New ABS figures confirm significant falls in public infrastructure spending under federal and state Coalition Governments.
These figures confirm that Labor Governments will always invest more in infrastructure.
The figures released on January 14 show federal public infrastructure work has fallen by 20% since the election of the Abbott Government.
Taking inspiration from his best mate and federal counterpart, Campbell Newman has slashed spending by a massive 40% in Queensland.
Spending also fell dramatically under the former Victorian Coalition Government (down 41%) and under the current New South Wales Coalition Government (down 30%).
Queenslanders are increasingly feeling the effect of these infrastructure cuts in their everyday lives.
Commutes are getting longer and traffic worsening while Tony Abbott and Campbell Newman worked together to kill off game-changing projects like the Cross River Rail.
Instead of standing up to Tony Abbott, Campbell Newman was silent when $715 million federal funding for the project was cut.
This project would ease congestion and reduce commuting time for thousands of people in Brisbane’s suburbs as well as create thousands of jobs.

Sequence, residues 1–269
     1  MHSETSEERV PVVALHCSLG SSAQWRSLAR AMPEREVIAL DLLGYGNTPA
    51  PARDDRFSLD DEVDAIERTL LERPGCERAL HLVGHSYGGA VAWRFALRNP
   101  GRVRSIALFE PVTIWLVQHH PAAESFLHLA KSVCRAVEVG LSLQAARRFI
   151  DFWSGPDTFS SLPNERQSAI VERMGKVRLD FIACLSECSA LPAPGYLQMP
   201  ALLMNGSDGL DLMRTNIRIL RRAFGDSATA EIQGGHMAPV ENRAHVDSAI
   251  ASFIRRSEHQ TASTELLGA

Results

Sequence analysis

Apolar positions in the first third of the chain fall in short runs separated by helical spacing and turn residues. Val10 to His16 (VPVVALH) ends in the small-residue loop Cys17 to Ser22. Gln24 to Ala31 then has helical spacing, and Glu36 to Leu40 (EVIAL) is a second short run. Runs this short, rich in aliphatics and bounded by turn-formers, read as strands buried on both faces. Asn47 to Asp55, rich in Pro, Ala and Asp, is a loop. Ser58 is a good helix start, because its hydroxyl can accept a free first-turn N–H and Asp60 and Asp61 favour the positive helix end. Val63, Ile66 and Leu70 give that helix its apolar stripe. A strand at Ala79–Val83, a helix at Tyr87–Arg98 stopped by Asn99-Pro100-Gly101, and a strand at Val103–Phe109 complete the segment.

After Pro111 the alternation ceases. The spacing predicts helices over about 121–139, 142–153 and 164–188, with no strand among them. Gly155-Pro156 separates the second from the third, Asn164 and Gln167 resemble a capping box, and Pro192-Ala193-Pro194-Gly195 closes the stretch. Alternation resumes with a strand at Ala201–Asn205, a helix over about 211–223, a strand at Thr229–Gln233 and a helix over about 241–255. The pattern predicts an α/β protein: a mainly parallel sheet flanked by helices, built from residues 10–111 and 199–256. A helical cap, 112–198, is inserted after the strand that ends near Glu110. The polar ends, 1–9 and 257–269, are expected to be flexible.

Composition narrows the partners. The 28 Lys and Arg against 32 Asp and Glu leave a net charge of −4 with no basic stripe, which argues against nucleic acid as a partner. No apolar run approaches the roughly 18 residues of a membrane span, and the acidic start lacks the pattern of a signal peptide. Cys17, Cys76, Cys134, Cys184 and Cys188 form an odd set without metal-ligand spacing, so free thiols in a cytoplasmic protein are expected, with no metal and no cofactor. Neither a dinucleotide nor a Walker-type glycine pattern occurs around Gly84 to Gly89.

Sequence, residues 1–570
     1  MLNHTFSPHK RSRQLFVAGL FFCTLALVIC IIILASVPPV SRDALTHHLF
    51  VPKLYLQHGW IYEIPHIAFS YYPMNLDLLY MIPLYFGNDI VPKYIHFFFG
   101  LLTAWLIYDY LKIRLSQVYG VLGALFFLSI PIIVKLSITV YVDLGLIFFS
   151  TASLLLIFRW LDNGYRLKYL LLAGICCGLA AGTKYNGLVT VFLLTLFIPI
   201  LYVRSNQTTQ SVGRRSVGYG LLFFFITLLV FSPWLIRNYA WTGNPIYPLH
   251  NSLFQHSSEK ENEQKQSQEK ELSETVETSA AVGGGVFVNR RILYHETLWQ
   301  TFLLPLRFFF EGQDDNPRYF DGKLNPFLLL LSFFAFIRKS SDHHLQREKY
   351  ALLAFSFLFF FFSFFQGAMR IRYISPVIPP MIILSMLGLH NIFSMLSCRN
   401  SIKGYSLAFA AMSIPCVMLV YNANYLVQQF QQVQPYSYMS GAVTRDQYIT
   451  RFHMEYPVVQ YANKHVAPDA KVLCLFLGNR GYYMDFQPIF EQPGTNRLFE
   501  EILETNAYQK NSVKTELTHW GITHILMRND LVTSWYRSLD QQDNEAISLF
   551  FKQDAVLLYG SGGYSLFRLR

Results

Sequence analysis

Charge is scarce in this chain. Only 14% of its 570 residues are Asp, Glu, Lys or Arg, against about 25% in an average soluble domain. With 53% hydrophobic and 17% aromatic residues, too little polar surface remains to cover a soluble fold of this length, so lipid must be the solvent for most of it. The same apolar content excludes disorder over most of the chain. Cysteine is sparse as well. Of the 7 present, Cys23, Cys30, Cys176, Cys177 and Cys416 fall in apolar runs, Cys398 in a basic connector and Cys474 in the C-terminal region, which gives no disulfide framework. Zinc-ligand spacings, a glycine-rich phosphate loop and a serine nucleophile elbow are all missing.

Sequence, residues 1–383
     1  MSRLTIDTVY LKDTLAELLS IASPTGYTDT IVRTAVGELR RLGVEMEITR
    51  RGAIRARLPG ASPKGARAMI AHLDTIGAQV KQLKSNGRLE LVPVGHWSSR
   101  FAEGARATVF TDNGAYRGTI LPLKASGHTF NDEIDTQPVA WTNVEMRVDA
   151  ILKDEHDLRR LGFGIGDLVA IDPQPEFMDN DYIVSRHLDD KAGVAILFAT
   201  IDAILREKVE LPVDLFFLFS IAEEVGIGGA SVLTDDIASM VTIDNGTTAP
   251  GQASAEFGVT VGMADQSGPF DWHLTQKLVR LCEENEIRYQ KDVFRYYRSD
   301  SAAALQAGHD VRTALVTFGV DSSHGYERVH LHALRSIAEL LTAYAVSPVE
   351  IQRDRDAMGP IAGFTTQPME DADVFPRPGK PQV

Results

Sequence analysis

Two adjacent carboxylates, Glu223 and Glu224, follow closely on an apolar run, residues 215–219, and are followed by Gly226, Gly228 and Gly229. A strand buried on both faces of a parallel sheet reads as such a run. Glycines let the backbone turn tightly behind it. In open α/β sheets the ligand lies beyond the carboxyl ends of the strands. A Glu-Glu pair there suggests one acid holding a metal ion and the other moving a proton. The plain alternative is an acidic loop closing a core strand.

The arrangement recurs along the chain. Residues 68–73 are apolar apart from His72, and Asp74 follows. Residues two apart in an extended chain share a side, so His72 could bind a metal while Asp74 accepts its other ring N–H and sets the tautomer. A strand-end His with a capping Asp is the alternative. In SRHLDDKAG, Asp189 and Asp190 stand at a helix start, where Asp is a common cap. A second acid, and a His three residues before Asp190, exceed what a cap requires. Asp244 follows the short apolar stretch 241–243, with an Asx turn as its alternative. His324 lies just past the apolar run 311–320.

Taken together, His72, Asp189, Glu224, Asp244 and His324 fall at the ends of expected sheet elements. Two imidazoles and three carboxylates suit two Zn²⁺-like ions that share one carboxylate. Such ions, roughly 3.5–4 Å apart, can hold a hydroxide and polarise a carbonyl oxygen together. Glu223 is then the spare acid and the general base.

Queenslanders are now stuck with Campbell Newman’s second-rate proposed BaT tunnel, funding for which is contingent on the sale of public assets.
First class states deserve first class infrastructure.
Tony Abbott has failed to allocate a single extra dollar for the Bruce Highway since his election, instead re-announcing projects funded by the former Labor Government as his own.
The LNP have deferred construction of the Mackay Ring Road until at least 2017 when it was due to commence in May 2014.
The next stage of the Gold Coast Rapid Transit system is in doubt because of Tony Abbott’s ideological refusal to fund public transport.
This approach stands in stark contrast with the former Labor Government’s infrastructure investment.
The former Labor Government doubled the roads budget and invested more in public transport than all previous Commonwealth Governments combined.
When we took office in 2007, Australia was 20th among OECD nations in terms of infrastructure spending as a proportion of GDP.
When we left office, Australia was 1st.